Ms Alexandra Suzanne Bonham
MA (Hons), MA (Cantab)
I trained as an actress in London after graduating with a BAHons in Law and many happy memories of the ADC and Footlights Club from Cambridge University. I combined performing with publishing through my twenties, starting as a literary agent's assistant before becoming an editor at Hodder & Stoughton. I have nine years trade publishing experience where I specialised in structural edits of commercial fiction.
I left publishing in July 2010 to have two children. Since then I directed the play Copenhagen by Michael Frayn, my first professional theatre production, in June 2012, Oh What a Lovely War in 2014,and Grounded in 2015. I also assisted Michael Hurst on A Midsummer Night's Dream in early 2015 and will direct a street theatre version of Two Gentlemen of Verona in 2018. I have recently completed a Masters in Drama at the University of Auckland, graduating with first class honours in 2016 and began my PhD study in July 2017.
I am a member of Women in Urbanism Aotearoa and am a guide with Auckland Free Walking Tours which is a surprisingly rich avenue of narrative enquiry encompassing historical, geographical, sociological research, performance and storytelling. My play personality is explorer/storyteller. I also enjoy cycling, singing, dancing, board games, banter and books.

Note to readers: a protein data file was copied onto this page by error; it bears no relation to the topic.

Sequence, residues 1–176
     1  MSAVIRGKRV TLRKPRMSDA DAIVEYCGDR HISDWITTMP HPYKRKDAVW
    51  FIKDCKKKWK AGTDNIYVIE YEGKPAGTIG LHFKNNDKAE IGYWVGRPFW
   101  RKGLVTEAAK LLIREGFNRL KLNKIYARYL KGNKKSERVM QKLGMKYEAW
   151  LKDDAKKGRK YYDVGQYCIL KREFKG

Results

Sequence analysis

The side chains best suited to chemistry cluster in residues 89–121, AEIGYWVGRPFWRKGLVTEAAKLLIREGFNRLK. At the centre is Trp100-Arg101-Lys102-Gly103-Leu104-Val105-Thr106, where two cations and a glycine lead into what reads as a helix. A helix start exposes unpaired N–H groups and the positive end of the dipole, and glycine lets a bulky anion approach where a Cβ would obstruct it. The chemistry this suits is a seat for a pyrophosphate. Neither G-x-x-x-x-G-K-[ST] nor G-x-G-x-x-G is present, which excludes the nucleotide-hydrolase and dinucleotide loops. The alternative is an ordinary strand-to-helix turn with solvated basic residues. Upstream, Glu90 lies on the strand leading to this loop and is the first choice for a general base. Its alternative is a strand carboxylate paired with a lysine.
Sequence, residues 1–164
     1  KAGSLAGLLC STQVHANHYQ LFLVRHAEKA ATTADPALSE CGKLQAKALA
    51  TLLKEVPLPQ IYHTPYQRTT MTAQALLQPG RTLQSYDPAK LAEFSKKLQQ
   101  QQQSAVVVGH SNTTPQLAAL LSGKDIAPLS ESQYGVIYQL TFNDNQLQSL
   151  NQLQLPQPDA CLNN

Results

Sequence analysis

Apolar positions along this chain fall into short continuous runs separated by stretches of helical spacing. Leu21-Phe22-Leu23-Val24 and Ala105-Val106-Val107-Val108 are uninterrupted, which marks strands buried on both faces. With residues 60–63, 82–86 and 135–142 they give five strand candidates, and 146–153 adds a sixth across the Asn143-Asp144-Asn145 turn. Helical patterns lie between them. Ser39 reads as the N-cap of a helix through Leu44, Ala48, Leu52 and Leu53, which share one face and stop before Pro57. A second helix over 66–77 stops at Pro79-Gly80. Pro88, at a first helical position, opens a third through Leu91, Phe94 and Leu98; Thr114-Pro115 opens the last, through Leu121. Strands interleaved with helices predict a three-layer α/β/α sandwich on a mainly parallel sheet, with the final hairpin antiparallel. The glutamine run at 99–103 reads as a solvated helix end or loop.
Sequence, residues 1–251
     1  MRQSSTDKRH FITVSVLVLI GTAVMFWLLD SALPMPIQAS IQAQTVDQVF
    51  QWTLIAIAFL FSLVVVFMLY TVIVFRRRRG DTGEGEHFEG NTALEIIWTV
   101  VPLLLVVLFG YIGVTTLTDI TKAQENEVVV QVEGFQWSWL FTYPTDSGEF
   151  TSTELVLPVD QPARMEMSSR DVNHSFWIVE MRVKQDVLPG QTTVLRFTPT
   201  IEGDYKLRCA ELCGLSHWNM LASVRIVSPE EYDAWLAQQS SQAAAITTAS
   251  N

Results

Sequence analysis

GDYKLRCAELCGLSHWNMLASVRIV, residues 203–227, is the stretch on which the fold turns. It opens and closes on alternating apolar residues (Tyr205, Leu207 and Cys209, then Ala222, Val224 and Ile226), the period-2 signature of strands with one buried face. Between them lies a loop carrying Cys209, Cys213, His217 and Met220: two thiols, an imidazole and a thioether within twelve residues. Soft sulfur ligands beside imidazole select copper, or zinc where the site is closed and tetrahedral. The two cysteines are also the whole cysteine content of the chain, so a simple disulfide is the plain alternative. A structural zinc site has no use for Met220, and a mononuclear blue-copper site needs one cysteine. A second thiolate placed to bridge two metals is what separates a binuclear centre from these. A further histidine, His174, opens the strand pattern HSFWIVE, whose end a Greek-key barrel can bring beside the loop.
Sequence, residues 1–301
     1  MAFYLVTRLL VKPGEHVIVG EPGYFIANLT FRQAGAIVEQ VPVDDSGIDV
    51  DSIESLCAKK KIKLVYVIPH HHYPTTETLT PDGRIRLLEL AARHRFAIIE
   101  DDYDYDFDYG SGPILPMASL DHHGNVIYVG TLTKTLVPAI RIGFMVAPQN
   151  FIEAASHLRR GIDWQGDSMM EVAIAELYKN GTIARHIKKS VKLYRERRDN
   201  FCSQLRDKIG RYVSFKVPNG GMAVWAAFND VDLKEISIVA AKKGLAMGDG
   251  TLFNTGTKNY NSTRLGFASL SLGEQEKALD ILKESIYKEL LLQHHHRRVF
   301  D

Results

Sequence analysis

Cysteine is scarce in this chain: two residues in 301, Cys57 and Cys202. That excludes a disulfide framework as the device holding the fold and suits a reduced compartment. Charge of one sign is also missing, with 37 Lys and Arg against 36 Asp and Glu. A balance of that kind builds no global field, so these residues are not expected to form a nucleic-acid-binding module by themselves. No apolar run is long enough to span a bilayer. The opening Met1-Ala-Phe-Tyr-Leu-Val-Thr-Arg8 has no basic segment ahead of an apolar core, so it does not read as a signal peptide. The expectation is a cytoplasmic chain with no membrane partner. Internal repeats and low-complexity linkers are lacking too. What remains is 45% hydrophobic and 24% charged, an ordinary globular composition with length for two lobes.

Research | Current
I am in my first year of a practice-led PhD with creative component, exploring the concept of a playful city, considering how the public may co-produce, and so transform the city, through play. I am considering play spaces, the potential to play in and with spaces, and whether there is permission to play in the city. I am taking a theatrical mindset to new urbanism that is also shared with leading figures in Panuku Auckland. I wonder about the connection between play, the social fabric and community resilience, the intersections between intersubjectivity through play, trust, and a more democratic and kinder process of urban development.
At the moment I am working on The Children's Path - a theatrical placemaking intervention raising questions on children's independent mobilities in the city. I spoke on this project at the 8th Symposium on Mobilities hosted by the University of Otago's School of Physiotherapy in November 2017.